Question and answer session with Israeli prime minister draws criticism and ridicule over policies against Palestinians.
Israeli Prime Minister Benjamin Netanyahu said French support for a UNESCO resolution on Jerusalem cast doubt on the impartiality of its Middle East peace initiative, a claim Paris denied.
Netanyahu had met French Foreign Minister Jean-Marc Ayrault on Sunday and discussed the “scandalous resolution accepted at UNESCO with France’s support, that does not recognise the bond of thousands of years between the Jewish people and the Temple Mount.”
This French support “casts a shadow over the impartiality of the entire forum France is trying to convene,” Netanyahu said, before a weekly cabinet meeting.
The Israeli premier was referring to a resolution adopted last month by the Paris-based UN cultural body on the flashpoint Al-Aqsa mosque compound in Jerusalem, which made no reference to the fact it is also revered by Jews as the Temple Mount and is the most sacred site in Judaism.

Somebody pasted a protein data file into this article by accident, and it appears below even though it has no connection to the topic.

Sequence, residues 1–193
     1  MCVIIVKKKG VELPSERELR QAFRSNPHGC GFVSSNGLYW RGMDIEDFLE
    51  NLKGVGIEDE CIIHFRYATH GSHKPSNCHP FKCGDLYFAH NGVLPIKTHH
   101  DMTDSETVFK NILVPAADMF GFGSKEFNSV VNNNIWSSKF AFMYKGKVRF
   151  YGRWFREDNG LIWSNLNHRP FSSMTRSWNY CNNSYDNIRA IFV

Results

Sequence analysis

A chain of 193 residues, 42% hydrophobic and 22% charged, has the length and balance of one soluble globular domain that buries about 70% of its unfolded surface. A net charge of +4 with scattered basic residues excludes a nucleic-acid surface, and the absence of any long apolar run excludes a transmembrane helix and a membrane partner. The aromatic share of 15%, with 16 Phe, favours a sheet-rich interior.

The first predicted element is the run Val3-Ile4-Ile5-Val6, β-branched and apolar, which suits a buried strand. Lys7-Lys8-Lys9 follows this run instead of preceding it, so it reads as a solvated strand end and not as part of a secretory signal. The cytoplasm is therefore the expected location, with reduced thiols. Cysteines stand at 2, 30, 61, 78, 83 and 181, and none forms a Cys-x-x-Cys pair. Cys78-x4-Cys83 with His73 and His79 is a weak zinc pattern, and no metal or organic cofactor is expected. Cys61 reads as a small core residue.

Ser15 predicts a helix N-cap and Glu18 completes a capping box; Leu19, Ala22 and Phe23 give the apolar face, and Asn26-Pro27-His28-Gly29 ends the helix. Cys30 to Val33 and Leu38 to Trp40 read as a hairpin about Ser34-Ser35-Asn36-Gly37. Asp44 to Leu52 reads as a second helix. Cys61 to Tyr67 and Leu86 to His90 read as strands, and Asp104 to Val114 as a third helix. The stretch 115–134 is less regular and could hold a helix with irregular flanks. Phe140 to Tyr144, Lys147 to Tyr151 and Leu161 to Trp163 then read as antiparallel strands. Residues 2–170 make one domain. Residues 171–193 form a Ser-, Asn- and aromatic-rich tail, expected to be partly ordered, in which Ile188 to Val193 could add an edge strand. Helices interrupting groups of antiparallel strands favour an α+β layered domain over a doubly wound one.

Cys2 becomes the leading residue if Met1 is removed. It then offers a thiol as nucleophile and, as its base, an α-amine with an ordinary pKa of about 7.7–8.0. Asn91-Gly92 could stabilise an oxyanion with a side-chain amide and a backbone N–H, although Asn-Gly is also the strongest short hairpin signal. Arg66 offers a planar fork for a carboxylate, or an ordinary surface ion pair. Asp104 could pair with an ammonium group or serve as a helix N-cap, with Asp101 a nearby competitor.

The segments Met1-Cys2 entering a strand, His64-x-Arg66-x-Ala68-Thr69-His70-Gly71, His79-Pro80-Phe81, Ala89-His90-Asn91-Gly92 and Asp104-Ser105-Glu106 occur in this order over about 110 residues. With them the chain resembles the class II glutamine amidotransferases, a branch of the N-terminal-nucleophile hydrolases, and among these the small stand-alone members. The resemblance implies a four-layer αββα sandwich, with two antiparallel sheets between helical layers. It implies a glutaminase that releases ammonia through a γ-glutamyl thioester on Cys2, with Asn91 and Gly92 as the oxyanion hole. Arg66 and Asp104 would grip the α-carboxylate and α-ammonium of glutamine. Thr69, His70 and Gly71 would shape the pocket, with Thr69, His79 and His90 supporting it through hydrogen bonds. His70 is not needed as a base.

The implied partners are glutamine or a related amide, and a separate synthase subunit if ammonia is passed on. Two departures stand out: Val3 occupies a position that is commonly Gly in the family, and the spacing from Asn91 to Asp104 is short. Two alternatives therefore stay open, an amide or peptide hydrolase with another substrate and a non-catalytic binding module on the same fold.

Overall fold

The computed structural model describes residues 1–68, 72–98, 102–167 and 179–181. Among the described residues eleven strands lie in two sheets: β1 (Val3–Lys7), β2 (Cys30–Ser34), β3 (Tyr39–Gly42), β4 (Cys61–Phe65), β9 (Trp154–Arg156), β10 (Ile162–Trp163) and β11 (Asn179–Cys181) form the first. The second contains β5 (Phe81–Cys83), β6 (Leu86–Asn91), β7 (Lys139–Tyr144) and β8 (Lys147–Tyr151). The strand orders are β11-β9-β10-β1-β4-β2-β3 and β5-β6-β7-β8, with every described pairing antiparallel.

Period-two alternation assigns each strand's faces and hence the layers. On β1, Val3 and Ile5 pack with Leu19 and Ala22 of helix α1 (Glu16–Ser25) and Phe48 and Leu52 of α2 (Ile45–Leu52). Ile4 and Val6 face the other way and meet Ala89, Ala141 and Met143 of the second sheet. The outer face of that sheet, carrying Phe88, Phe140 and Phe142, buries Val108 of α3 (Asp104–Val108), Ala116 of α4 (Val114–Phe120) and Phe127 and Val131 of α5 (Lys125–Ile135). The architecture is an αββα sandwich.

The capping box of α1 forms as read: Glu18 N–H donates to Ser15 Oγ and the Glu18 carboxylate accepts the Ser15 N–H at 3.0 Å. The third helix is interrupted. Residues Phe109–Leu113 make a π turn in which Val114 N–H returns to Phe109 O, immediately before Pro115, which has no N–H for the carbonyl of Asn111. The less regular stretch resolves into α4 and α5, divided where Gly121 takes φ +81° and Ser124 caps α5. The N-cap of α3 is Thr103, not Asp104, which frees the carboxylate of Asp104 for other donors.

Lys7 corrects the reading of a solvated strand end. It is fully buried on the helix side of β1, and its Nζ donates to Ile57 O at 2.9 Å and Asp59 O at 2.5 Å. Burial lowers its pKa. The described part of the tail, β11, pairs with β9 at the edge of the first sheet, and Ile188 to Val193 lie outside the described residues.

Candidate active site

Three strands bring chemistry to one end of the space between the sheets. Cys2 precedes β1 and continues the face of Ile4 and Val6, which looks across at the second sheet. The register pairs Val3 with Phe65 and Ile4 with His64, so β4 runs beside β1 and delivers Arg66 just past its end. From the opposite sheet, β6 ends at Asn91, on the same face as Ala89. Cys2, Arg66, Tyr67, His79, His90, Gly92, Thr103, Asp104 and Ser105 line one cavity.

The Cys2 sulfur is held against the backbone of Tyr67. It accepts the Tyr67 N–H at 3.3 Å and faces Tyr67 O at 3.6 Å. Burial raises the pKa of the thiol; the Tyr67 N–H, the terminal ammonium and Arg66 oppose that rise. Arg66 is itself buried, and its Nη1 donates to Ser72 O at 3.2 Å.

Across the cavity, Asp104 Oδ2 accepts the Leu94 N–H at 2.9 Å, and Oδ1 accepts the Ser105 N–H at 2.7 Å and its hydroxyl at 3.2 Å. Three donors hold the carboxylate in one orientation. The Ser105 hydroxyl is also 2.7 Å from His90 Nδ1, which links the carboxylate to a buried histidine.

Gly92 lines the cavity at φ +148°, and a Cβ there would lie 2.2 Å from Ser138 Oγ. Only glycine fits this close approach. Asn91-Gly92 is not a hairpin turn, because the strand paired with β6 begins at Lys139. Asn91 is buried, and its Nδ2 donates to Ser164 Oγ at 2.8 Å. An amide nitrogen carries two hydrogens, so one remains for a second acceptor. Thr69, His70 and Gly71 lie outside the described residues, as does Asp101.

Sources close to Ayrault said on Sunday that France “regretted” the resolution, echoing remarks by French Prime Minister Manuel Valls who on Wednesday called it “clumsy” and “unfortunate” and said it should have been avoided.
But at the same time, Ayrault rejected Netanyahu’s claim of French impartiality, insisting that an Israeli-Palestinian peace process was imperative to prevent the spread of deadly Islamist violence.
“France has no vested interest, but is deeply convinced that if we don’t want to let the ideas of the Islamic State group prosper in this region, we must do something,” he told reporters at Ben Gurion airport after meeting both Netanyahu and Palestinian president Mahmoud Abbas.
Ayrault was on a visit to prepare for a May 30 international ministerial meeting to try to revive Middle East peace talks that have been frozen since a US-brokered initiative collapsed in April 2014.
Israeli and Palestinian representatives were not invited to the French peace meeting, and on Sunday Netanyahu reiterated his opposition to indirect peace attempts, blaming the Palestinians for rejecting direct talks.
“Any other attempt just distances peace and gives Palestinians a means of evading dealing with the root of the conflict, which is not recognising the State of Israel,” Netanyahu said.